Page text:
Finland: Municipality files for permit to shoot geese

Vääksy beach, where barnacle geese are a problem, says municipality. (Yle News)
Vääksy beach, where barnacle geese are a problem, says municipality. (Yle News)


The barnacle goose is a protected species and a familiar sight in Finland, but not one everyone welcomes it.

Goose droppings frequently cause bacterial spikes on beaches where people swim. The municipality of Asikkala is trying to get a difficult-to-attain license to get rid of the birds by force.

Barnacle geese fill parks and beaches with their excrement every year, annoying the people there while creating a health and safety issue.

According to Ely Centre archives three applications for use of force when dealing with the geese have been filed in Finland. Two of them were denied and one of them is currently being processed.

A permit is also needed for frequently shooing and disturbing the animals. Three applications have been granted for such routing out of barnacle geese.

“These licenses are never handed out routinely. The justification has to be sound, as they have been so far,” says Ville Vasko from the Finland Proper research centre. He says, however, that the application is unlikely to go through regardless.

Asikkala vying for shooting permit

The municipality of Asikkala in Päijät-Häme has an application in the works for a license to shoot some of the barnacle geese that frequent a popular beach in Vääksy.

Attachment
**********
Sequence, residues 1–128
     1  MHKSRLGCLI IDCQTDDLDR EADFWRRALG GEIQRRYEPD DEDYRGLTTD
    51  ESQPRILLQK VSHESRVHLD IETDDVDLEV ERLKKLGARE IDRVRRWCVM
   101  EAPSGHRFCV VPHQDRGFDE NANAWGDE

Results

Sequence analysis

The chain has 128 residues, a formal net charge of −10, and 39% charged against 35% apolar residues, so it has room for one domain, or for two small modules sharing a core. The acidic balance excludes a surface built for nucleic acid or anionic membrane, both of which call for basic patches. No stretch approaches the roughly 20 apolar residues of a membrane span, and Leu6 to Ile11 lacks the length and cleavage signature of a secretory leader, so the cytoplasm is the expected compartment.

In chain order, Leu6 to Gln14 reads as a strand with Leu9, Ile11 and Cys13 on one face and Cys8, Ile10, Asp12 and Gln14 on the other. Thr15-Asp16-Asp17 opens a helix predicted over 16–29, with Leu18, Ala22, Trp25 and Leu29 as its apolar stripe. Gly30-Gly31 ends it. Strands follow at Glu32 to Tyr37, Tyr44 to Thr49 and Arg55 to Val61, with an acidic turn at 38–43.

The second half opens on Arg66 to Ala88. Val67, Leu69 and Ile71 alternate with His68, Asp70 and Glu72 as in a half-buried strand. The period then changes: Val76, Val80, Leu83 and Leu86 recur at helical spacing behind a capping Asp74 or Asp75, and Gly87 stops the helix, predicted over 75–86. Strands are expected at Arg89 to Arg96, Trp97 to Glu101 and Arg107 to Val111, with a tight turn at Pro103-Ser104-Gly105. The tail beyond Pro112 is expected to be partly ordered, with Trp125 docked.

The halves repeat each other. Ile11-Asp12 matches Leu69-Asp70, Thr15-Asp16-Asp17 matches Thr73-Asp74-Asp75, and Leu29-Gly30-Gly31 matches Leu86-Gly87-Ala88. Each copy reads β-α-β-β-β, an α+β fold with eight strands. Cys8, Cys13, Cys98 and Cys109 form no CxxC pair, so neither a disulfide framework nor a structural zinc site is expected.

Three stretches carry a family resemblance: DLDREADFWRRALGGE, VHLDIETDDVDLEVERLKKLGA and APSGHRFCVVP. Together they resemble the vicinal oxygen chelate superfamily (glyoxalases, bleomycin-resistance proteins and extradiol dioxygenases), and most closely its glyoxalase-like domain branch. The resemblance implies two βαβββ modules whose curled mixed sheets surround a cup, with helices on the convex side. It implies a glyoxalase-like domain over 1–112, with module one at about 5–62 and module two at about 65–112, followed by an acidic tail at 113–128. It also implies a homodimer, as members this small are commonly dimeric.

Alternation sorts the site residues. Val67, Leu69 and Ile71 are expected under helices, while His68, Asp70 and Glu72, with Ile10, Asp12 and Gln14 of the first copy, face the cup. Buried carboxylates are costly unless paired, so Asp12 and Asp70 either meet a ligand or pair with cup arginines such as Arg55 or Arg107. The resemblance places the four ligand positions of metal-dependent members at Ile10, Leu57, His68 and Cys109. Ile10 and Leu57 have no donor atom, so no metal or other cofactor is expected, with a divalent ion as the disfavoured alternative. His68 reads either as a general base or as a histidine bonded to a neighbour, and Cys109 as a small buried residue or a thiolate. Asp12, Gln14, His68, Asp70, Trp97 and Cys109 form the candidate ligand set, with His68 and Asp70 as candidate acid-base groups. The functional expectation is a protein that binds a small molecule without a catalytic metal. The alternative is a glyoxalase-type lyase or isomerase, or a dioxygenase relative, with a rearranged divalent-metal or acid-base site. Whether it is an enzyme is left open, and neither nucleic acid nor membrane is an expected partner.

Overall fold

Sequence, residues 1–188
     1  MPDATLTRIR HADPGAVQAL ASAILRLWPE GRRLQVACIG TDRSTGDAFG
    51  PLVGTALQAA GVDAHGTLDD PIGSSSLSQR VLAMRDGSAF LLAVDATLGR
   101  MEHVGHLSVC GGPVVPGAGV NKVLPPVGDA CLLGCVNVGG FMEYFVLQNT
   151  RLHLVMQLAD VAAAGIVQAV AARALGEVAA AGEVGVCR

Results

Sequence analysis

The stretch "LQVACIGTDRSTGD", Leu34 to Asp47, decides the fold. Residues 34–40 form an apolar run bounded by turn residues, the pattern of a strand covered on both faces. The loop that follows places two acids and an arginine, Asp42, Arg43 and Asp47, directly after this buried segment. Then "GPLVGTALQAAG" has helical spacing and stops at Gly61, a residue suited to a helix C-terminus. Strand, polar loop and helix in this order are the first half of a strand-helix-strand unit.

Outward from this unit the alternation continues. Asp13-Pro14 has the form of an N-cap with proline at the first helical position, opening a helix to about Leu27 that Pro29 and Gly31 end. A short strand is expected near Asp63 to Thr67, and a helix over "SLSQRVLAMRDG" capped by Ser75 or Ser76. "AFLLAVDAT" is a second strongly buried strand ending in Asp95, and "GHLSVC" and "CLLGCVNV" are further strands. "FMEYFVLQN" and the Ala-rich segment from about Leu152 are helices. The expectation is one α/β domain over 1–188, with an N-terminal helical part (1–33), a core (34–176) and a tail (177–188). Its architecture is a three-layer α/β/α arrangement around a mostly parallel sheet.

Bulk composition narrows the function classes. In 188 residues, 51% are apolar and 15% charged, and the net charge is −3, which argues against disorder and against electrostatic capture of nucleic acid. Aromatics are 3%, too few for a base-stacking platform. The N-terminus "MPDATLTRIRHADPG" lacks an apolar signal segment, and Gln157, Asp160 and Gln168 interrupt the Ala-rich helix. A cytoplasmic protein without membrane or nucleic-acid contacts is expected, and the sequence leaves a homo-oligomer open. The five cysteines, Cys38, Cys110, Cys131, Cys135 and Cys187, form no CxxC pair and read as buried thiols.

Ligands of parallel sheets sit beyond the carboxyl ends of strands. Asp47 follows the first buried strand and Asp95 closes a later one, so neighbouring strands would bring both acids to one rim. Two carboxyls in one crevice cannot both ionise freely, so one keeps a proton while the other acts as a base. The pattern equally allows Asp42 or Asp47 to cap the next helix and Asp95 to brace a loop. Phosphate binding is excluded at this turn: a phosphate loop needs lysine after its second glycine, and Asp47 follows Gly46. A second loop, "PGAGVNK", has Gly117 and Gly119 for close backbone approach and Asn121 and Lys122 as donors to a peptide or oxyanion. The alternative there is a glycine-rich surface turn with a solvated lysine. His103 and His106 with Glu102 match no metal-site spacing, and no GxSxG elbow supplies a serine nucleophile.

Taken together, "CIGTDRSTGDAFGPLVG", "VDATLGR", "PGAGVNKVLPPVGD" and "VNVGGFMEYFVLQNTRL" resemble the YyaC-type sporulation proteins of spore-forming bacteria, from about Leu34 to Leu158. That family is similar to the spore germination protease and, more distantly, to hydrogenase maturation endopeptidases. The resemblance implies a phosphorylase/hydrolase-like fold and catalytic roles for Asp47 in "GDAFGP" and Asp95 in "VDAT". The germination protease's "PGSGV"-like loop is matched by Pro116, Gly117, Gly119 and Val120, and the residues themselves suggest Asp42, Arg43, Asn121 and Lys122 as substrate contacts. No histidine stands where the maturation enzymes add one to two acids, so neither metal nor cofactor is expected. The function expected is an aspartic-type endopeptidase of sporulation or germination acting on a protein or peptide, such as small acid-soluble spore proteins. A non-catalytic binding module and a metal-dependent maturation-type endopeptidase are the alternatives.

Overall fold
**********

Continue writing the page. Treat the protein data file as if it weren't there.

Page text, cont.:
Technical director Harri Hirvonen says that the permit is for a few individual birds, and that all fifty geese would then leave of their own accord once a few of them were disposed of first.

The Vääksy beach was closed for some days in June due to fecal bacteria being discovered in the water. The geese are suspected of spreading the bacteria.

Other measures

Asikkala will be sending in a revised application next week. If it goes through it will be the first permit for a gaggle as small as the one at Vääksy – those in the capital region can be hundreds or even thousands strong.

Conservation specialist Tero Toivanen from Bird Life Finland says he wishes permits like this weren’t necessary.

“This issue comes up every summer and it’s made into a bigger deal than it is,” he says. “We are all for less drastic measures, everything has to be tried before we start killing these geese.”


Related stories from around the North:

Alaska: Unique spring bird hunt brings hope of fresh meat after a long Alaska winter, Alaska Dispatch News

Canada:  Nunavut Canada community revives eiderdown business, RCI

Sweden:  Sweden divided on gray seal hunt, Radio Sweden

United States: U.S. polar bear conservation plan focuses on near-term goals, Alaska Dispatch News


Yle News

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